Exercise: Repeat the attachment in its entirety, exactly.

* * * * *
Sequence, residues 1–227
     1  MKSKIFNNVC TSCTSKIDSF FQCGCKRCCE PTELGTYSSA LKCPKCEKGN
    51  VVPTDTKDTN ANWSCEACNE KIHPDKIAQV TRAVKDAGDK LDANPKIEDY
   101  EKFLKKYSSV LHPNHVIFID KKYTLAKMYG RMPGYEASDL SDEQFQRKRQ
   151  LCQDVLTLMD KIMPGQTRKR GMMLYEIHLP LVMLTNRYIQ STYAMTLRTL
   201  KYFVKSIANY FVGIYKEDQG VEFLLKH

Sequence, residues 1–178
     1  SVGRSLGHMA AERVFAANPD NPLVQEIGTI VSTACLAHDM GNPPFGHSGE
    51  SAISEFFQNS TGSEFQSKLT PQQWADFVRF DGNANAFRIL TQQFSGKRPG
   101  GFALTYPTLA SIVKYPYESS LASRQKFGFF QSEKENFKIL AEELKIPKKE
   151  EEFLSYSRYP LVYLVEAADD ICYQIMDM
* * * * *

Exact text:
Sequence, residues 1–227
     1  MKSKIFNNVC TSCTSKIDSF FQCGCKRCCE PTELGTYSSA LKCPKCEKGN
    51  VVPTDTKDTN ANWSCEACNE KIHPDKIAQV TRAVKDAGDK LDANPKIEDY
   101  EKFLKKYSSV LHPNHVIFID KKYTLAKMYG RMPGYEASDL SDEQFQRKRQ
   151  LCQDVLTLMD KIMPGQTRKR GMMLYEIHLP LVMLTNRYIQ STYAMTLRTL
   201  KYFVKSIANY FVGIYKEDQG VEFLLKH

Sequence, residues 1–178
     1  SVGRSLGHMA AERVFAANPD NPLVQEIGTI VSTACLAHDM GNPPFGHSGE
    51  SAISEFFQNS TGSEFQSKLT PQQWADFVRF DGNANAFRIL TQQFSGKRPG
   101  GFALTYPTLA SIVKYPYESS LASRQKFGFF QSEKENFKIL AEELKIPKKE
   151  EEFLSYSRYP LVYLVEAADD ICYQIMDM